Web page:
Subarachnoid Hemorrhage. This life-threatening type of stroke causes bleeding on the surface of the brain, creating damaging pressure between the brain and skull. Often, this type of hemorrhage is the result of a ruptured aneurysm, traumatic head injury, or arteriovenous malformation (AVM), which is an abnormal tangle of arteries. To be considered a stroke, however, it must be caused by the bursting of a blood vessel. This is usually due to a cerebral aneurysm, a bulging area where a brain artery’s wall has become weakened, making it prone to rupture. There’s no soft-pedaling this type of stroke: Roughly 35% of those who have one die within three months, and 50% make an incomplete recovery, according to 2019 research published in The Lancet.
There’s also a third, related category called transient ischemic attack (TIA). Also known as mini-strokes, these generally last less than an hour. They often keep reoccurring until they’re treated. Symptoms resemble that of an actual stroke—which we’ll detail in short order—but they are usually temporary and don’t do permanent harm. However, they are considered to be a medical emergency because they often indicate a full-blown stroke is just around the corner.
OK: Let’s talk about what happens when a stroke is underway. Symptoms can be very sudden and severe, and they can progress very quickly. Get to know them so you recognize them right away, either in yourself or in others. An easy way to do this is to memorize the acronym FAST. It stands for:
Time to call 911!
Remember: Early treatment saves the brain. If you suspect a stroke, don’t wait—get help.
Here’s some more detail about specific symptoms and how they can present themselves:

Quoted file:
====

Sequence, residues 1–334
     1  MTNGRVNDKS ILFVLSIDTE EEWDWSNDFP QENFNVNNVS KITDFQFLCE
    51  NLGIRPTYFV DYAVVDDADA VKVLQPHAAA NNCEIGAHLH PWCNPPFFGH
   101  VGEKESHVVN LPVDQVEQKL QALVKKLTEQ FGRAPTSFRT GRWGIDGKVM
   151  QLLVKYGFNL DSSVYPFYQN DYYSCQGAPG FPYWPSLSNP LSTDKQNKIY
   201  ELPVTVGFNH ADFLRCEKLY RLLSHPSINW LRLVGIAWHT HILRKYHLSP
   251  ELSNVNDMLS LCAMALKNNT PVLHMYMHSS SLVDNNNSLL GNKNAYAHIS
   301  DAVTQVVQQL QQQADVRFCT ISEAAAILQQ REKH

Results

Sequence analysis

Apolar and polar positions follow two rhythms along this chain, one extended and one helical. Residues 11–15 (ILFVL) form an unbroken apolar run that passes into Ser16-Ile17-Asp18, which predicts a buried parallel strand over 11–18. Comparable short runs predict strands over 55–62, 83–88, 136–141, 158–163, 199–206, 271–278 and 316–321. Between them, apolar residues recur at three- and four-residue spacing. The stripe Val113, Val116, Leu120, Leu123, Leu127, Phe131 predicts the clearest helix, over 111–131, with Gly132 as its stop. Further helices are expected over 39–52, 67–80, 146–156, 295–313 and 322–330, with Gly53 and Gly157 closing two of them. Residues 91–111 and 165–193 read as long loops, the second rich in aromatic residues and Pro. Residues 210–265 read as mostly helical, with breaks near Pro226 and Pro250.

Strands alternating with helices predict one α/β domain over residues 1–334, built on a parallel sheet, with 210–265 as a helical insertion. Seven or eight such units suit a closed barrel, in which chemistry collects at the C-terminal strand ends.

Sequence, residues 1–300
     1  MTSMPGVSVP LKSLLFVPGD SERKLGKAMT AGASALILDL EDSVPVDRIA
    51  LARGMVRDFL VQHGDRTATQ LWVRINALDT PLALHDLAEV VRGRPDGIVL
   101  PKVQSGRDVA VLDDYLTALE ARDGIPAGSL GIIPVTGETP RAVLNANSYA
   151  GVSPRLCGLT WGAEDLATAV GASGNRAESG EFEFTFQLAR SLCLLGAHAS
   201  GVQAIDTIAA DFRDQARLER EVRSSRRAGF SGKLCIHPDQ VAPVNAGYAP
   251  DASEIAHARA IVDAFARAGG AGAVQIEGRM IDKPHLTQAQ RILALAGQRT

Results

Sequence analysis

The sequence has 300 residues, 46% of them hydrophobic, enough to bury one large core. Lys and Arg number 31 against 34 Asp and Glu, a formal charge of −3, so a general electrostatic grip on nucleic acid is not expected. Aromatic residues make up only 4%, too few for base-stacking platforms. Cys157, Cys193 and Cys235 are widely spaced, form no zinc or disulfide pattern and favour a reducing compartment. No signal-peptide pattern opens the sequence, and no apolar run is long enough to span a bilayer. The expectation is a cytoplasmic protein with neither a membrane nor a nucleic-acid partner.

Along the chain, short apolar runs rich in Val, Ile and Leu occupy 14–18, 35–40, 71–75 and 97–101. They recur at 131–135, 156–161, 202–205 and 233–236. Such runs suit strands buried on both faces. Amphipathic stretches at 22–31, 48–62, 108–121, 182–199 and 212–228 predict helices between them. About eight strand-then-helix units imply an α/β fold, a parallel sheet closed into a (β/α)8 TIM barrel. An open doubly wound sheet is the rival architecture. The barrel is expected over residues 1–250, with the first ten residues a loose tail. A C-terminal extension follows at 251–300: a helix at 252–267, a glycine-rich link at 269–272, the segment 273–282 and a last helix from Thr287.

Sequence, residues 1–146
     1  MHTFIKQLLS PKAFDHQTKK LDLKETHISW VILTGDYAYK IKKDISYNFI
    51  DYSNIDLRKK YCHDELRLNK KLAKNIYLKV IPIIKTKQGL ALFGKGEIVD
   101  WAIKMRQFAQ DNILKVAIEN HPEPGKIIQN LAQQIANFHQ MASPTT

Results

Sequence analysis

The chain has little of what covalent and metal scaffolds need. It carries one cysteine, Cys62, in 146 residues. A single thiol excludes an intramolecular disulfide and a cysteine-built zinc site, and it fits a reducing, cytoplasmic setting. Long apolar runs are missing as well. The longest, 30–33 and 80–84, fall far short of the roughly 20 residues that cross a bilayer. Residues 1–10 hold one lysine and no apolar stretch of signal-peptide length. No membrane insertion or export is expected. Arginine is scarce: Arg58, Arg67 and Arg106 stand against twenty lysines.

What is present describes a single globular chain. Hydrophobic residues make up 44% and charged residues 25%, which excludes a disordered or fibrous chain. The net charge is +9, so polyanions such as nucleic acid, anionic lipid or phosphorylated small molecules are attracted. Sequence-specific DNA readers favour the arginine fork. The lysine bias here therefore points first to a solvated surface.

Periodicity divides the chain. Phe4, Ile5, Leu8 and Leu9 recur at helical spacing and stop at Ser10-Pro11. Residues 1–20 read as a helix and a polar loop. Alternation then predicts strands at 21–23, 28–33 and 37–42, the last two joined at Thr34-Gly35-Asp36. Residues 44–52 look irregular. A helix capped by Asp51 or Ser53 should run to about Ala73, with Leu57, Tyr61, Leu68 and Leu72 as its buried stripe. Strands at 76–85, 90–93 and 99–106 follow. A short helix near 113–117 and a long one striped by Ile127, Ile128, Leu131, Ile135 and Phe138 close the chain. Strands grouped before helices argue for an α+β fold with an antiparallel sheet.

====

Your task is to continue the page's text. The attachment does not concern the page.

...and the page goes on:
Weakness, numbness, or paralysis on one side of the body. Which side and what part of the body will depend on where in the brain the stroke occurs. Drooping, weakness, and other symptoms will strike suddenly in your face, arm, or leg. Often, strokes only cause damage to one side and not the other. If the stroke occurs in the left side of your brain, your right side will be affected (because your brain’s nerves cross from one side of the brain to the opposite side of your body), and vice versa.
Sudden movement difficulties. You may have trouble with your balance or sense of physical coordination. You might even experience paralysis to parts of your face, or in an arm or a leg.
Difficulty speaking or comprehending others. You may feel confused, experience slurred speech, or find it difficult to understand what someone else is saying.
Vision problems. You might have trouble seeing due to blurred, blackened, or double vision. This can occur in one or both eyes.
Severe headache. Every bit as painful as your worst migraine—and often worse—you’ll know it’s stroke and not a migraine if your head pain comes on suddenly (regular migraines tend to build) and is accompanied by other stroke symptoms (see above). According to the American Heart Association (AHA), if you have a history of migraine with aura, you are 2.4 times more likely to have an ischemic stroke.
Delirium or loss of consciousness. According to data pulled from stroke registries, up to 38% of people lost some level of consciousness from ischemic stroke, ranging from delirium all the way to coma.
How Do Doctors Diagnose a Stroke?
First—and this is important!—don’t attempt to get yourself to the hospital. Call an ambulance. EMTs are trained to recognize the signs of stroke and can begin prepping you on the way to the emergency room. They also will alert the hospital, so the medical staff is ready for you and a neurologist, or brain specialist, is on deck, if necessary. Ideally, someone who can speak for you will accompany you, in the event you are not able to fully communicate.
Once at the hospital, the medical team will review your health history, check your vitals (including pulse and blood pressure), draw blood, and ask you (or the person speaking for you) about your symptoms. You’ll also undergo a neurological exam, which includes testing your reflexes, strength, and coordination, as well as asking you questions to help identify problems with memory, speech, and thinking. Based on all of that, the doctor will be able to confirm a stroke.
Still, further testing is needed to determine the type of stroke, its location in your brain, and its size. Generally, as soon as you are stabilized, you’ll undergo one or more scans of your brain, and also of your blood vessels and arteries that feed the brain with blood and oxygen to determine where, and how much, they’ve been damaged. These scans include: